Researchers note that eye conditions and drugs prescribed may differ for non-Medicare populations, meaning the results may not apply across different insurance types. For example, glaucoma is more common among the elderly age 65 and older who qualify for Medicare Part D.
As the health care cost debate roars on, De Lott and study co-lead author Maria Woodward, M.D., M.S., a cornea specialist at Kellogg and IHPI member, describe the systemwide implications of the preference for brand medications.
Why are brand medications used so often in ophthalmology?
De Lott: Eye care providers turned to brand medications for 79 percent of the total Medicare Part D payment claims. (Compared to one-third of claims among nearly all other specialties.) Physicians face some barriers in using generics, including:
Familiarity: Even when generics become available, clinicians can get comfortable prescribing what's first on the market.
Lack of data: There are very few comparative effectiveness trials between brand and generic medications. It's a huge weakness.
Industry influence: Physician acceptance of industry money, speaking and consulting fees, rebates, gifts and drug company samples (which are not accepted at Michigan Medicine) can influence prescribing patterns, even if doctors think they don't.
Medical worries: Infectious diseases are a good example. With any infectious disease of the eye, there's concern that it might get worse. Bacterial culturing is limited to a subset of cases so physicians give prophylactic coverage, just in case. But doctors tend to provide that coverage with medications that are much stronger than needed for prevention.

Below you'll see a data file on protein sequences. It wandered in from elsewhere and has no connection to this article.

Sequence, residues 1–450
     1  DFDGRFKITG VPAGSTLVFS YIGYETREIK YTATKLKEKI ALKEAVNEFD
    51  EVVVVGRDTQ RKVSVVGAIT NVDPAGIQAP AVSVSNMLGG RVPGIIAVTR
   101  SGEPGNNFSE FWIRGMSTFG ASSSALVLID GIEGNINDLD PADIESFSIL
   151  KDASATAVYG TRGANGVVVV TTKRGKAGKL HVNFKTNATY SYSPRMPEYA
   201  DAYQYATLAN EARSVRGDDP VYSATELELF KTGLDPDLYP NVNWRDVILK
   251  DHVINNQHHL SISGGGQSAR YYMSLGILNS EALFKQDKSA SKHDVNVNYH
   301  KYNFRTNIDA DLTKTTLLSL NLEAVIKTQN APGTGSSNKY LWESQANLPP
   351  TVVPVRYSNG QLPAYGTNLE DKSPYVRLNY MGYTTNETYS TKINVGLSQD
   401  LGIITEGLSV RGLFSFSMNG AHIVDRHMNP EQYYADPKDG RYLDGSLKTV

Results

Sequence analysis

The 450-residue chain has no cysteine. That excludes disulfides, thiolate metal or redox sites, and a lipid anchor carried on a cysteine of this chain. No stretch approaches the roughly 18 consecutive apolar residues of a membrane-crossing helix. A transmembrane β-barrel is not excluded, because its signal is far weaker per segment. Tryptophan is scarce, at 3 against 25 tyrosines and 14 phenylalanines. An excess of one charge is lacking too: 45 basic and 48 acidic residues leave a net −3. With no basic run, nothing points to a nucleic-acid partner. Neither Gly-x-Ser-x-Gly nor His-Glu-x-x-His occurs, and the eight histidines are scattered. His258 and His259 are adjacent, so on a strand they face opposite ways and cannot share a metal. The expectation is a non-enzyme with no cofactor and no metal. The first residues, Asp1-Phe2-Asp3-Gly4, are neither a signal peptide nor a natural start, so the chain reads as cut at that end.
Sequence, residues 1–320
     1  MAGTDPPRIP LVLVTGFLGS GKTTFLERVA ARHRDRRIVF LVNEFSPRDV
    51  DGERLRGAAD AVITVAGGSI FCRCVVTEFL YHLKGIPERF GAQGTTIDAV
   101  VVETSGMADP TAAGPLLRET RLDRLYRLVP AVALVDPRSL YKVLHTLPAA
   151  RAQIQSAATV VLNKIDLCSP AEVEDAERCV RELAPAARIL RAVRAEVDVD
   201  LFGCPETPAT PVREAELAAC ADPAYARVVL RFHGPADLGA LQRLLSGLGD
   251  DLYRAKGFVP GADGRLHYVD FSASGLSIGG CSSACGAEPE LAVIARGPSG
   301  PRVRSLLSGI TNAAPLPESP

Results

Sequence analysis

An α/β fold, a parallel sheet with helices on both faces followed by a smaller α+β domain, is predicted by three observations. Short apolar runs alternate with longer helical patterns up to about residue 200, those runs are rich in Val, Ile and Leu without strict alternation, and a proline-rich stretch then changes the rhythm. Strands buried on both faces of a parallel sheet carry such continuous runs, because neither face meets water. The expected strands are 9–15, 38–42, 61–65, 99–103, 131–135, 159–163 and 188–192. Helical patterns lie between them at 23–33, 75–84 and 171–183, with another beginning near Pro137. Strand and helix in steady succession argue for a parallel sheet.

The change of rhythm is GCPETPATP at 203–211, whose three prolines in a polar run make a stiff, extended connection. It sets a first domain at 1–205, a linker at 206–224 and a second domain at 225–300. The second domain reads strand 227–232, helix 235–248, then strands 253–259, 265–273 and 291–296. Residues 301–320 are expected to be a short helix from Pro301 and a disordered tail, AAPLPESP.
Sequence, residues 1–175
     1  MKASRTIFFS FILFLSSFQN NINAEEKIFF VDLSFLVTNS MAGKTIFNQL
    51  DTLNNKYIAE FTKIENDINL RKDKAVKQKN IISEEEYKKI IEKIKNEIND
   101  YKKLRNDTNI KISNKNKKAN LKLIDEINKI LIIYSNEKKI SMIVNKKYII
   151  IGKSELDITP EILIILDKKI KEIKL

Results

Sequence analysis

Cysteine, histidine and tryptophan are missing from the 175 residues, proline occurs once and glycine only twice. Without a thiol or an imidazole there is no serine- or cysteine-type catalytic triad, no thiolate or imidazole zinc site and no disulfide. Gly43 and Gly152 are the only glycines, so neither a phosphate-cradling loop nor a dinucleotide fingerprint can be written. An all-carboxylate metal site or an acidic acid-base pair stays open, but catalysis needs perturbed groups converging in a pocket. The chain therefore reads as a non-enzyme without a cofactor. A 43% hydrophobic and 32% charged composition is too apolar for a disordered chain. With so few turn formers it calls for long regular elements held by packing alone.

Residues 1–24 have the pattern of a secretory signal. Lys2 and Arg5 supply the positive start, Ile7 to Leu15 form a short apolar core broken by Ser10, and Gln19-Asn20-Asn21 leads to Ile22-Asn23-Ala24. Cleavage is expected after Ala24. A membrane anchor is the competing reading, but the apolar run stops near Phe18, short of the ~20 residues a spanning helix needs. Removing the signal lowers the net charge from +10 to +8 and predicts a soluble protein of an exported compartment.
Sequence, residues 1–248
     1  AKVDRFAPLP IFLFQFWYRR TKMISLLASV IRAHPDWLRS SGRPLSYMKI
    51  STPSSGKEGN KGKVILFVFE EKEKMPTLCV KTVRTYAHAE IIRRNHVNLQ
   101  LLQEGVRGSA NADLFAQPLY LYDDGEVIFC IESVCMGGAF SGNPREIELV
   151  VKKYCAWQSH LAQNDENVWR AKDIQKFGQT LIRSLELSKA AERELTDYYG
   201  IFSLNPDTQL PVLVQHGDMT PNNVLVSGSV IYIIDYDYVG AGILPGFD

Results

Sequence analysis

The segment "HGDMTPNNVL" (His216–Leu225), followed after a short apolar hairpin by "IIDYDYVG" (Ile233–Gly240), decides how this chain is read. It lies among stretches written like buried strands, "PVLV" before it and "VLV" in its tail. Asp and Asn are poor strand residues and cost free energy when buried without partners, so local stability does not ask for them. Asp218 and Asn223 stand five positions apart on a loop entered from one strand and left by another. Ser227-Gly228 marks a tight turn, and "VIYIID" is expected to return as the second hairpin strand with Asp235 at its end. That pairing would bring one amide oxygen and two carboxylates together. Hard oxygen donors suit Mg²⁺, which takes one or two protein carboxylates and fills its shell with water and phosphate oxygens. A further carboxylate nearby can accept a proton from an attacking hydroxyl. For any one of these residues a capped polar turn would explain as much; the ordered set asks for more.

Optimized care: If a patient is optimized with a medication, it can be challenging to switch to something else.
Using a brand medication for a single patient may not seem like a big deal, but ultimately, these higher costs are paid by all of us.Lindsey De Lott, M.D., M.S.
How can price negotiation help?
Woodward: Although providers prescribing more generic medication as first-line therapy would enable significant savings for Medicare, there are times when only policy change will help. If the cost of generic medications increases, such as what occurred in 2014 when the price of generic prednisolone acetate and generic phenylephrine soared, changing providers' prescription patterns would not help to reduce costs. A policy change, such as allowing Medicare to negotiate drug prices, would lead to more substantial savings.